In August, board members approved Tesla's bid to acquire SolarCity in an all-stock transition worth $2.6 billion. Today, Tesla’s shareholders "overwhelmingly approved" the purchase, which paves the way for the two companies to offer an integrated solar roof plus energy storage product.
According to a just-published blog post, "Excluding the votes of [Elon Musk] and other affiliated shareholders, more than 85 percent of shares voted were cast in favor of the acquisition. With SolarCity’s shareholders also having approved the acquisition, the transaction will be completed in the coming days."
Calling it a "conservative figure," Tesla aims to realize cost efficiencies of $150 million in the first year after closing the deal. Those savings will be driven by sales and marketing efficiencies, overhead savings and manufacturing efficiencies, according to the firm.
"The acquisition of SolarCity will create the world’s only integrated sustainable energy company, from energy generation to storage to transportation," according to a Tesla blog post published ahead of the shareholder vote. By joining forces, the companies can offer a seamless home solar plus storage solution, featuring SolarCity and Tesla's new "beautiful" solar roof technology and the Powerwall 2.0.
In a Q&A following the acquisition announcement, CEO Elon Musk said Tesla would start volume production of the solar roof next summer and that the product would sell at or below the cost of a regular roof -- including labor. "The electricity is just a bonus," he said.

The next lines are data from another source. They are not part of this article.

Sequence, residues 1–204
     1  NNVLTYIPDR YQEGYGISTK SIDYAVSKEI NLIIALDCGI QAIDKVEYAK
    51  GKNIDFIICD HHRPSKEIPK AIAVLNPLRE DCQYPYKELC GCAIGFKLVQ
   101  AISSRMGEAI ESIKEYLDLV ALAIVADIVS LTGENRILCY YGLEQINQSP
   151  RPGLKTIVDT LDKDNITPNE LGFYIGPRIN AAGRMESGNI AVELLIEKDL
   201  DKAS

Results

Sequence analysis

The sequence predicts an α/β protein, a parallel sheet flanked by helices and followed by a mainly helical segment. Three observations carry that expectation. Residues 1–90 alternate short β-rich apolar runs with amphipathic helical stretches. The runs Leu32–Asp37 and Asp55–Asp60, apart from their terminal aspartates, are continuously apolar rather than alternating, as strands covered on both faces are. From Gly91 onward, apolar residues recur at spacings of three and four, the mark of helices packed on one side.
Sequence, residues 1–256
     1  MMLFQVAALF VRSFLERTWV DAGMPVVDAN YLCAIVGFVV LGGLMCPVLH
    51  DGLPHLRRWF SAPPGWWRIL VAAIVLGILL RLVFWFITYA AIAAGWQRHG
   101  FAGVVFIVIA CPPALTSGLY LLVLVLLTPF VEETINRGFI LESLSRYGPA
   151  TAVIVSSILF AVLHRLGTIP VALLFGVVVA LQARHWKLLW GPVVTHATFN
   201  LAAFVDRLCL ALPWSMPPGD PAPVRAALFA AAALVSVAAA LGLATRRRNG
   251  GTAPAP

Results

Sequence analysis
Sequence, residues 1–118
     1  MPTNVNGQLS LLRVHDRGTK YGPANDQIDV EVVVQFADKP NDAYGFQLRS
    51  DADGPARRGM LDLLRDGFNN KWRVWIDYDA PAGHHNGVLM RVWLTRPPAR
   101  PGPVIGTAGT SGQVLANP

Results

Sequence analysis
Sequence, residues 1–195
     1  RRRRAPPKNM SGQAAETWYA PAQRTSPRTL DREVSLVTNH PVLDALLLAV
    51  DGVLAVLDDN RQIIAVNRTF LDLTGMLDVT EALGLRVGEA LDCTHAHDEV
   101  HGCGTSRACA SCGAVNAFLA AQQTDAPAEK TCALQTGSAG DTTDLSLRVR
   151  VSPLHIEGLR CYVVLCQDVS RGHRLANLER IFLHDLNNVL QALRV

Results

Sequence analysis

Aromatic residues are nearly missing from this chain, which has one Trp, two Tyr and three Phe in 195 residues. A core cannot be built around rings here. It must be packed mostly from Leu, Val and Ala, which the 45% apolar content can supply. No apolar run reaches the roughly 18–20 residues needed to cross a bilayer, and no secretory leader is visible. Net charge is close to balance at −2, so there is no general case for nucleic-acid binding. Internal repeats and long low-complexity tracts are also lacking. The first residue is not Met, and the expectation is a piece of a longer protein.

The merger also gives a green light to Tesla's new solar production partnership with Panasonic. Under the agreement, Panasonic would begin making PV solar cells and modules at SolarCity's $900 million solar plant in Buffalo, New York facility in mid-2017. Assuming the deal is finalized, it would give Tesla additional financial support for its ambitious business plans.
SolarCity recently announced its Q3 financials -- trouncing consensus by $30 million on revenue of $200.5 million, thanks to higher-than-expected installation figures. Despite the revenue beat, the company just narrowly beat on EPS. SolarCity's leadership expects 2016 installations to be at 900 megawatts, the lower end of the previously guided range. It's the third installation guidance warning from SolarCity in 2016.
It remains to be seen whether the newly approved acquisition will be a distraction for Tesla or a bailout for SolarCity.
Musk said combining the two companies is the next logical step in his master plan. “The whole point of the merger is to get rid of the conflicts of interest,” he said, suggesting that consolidating into a single company is essential to moving his vision forward. Many investors and analysts have questioned what value SolarCity brings to Tesla, especially in the near term. High-profile investment manager Jim Chanos said the merger "makes no sense." He tweeted today, "I haven't seen a deal this good since Amtrak."
But for some investors, increased diversification and lowered costs for an integrated company offer value in the long term.
“Despite much near-term focus on SCTY, Autopilot, deliveries and demand, we find conversations with investors more focused on longer-term earnings potential,” wrote Baird Equity Research in a briefing.
Here is some of our recent coverage of the two companies and the acquisition deal:
Listen to a recent conversation on the Energy Gang podcast about the merger: